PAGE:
Roe and the Possibility of Compromise

This essay by Jon Shields of Claremont McKenna bears reading. Its thesis is that a difficult compromise on abortion can be reached by appealing to how most Americans view the issue: namely, Americans are more comfortable with abortions early in pregnancy and likelier to endorse fetal rights as pregnancy proceeds. Significantly, an atmosphere that is at least riper for compromise coincides with the possible demise of Roe v. Wade. Roe and its progeny are the textbook cases of the Court trying to resolve a social controversy and intensifying it instead. Had the matter been left to legislatures, they would have … Continue reading Roe and the Possibility of Compromise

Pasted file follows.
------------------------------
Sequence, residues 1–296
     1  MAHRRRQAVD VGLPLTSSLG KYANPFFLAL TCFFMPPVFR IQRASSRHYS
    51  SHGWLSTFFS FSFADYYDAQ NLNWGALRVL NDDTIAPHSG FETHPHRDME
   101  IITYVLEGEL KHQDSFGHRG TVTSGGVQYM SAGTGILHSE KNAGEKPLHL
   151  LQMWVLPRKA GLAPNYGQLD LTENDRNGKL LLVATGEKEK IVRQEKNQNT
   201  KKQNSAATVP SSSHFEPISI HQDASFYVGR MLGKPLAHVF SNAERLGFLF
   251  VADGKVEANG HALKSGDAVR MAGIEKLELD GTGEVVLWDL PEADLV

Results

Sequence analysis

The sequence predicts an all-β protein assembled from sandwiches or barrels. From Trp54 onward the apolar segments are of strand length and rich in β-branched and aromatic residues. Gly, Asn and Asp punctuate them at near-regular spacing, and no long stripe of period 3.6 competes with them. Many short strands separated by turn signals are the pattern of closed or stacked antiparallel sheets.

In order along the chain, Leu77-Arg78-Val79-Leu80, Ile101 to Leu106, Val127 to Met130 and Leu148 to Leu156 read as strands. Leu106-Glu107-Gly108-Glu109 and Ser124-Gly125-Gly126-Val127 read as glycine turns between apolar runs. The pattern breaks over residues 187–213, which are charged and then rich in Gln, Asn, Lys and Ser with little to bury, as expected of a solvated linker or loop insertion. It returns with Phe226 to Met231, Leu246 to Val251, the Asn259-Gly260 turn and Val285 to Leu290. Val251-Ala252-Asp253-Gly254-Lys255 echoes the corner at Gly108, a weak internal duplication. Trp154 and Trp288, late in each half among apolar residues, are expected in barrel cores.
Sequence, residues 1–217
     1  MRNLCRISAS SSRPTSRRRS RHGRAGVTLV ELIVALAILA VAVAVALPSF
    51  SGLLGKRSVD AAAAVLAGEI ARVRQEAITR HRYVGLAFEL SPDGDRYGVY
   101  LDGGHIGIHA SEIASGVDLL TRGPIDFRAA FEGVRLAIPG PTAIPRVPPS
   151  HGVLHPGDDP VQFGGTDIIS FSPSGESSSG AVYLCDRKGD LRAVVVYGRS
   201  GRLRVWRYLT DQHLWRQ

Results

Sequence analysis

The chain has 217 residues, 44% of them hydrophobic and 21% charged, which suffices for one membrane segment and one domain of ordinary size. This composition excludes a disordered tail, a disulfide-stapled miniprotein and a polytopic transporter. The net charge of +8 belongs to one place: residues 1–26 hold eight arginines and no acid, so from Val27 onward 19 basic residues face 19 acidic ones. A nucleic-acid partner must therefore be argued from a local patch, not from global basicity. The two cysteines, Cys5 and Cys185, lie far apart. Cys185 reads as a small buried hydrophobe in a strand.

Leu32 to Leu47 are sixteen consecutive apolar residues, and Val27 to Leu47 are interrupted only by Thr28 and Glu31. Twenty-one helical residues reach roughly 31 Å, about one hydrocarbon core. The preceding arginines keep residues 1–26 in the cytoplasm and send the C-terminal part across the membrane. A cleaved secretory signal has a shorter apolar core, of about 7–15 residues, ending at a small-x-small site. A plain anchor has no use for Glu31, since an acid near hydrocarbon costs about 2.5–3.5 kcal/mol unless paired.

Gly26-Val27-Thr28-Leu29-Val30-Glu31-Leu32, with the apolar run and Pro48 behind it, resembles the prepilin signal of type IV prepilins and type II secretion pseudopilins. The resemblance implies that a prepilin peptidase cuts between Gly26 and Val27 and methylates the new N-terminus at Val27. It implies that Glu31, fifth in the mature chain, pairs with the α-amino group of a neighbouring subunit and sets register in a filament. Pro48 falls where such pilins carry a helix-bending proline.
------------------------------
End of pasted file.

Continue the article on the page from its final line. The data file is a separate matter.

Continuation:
Roe: Considering the Counterfactual

At The New York Times, Linda Greenhouse notices an under-appreciated aspect of the Supreme Court’s decision to take up a Mississippi case that it could use to overturn or restrict Roe. v. Wade. She writes that legislators in pro-life states, who have been multiplying restrictions on abortion to test Roe, will now be accountable for them: Ever since the 2010 election ushered new Republican majorities into state legislatures, politicians there have been able to impose increasingly severe abortion restrictions without consequence, knowing that the lower courts would enjoin the laws before they took effect and save the people‚Äôs representatives from … Continue reading Roe: Considering the Counterfactual